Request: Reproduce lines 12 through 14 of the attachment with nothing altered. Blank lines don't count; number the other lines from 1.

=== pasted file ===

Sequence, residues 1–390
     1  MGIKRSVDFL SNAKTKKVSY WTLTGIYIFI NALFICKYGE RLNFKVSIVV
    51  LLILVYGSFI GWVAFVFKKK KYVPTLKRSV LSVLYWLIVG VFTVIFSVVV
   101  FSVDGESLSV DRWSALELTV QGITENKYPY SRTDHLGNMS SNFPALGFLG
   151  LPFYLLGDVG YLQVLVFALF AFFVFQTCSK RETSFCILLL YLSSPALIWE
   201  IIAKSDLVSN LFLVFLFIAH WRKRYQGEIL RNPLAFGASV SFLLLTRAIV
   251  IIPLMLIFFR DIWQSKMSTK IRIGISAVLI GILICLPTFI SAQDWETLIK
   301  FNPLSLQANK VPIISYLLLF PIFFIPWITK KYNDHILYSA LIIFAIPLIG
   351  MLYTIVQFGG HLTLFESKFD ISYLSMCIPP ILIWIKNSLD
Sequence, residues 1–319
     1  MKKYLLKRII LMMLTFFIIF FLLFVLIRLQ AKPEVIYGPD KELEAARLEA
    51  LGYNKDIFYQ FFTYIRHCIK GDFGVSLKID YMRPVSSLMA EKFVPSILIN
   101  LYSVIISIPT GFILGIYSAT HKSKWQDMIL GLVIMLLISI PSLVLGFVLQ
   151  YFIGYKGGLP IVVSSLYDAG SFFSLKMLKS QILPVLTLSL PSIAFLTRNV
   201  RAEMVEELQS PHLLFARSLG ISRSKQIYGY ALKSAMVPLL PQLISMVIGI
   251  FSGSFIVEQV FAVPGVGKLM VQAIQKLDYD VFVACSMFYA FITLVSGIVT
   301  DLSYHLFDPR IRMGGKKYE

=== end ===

    51  LGYNKDIFYQ FFTYIRHCIK GDFGVSLKID YMRPVSSLMA EKFVPSILIN
   101  LYSVIISIPT GFILGIYSAT HKSKWQDMIL GLVIMLLISI PSLVLGFVLQ
   151  YFIGYKGGLP IVVSSLYDAG SFFSLKMLKS QILPVLTLSL PSIAFLTRNV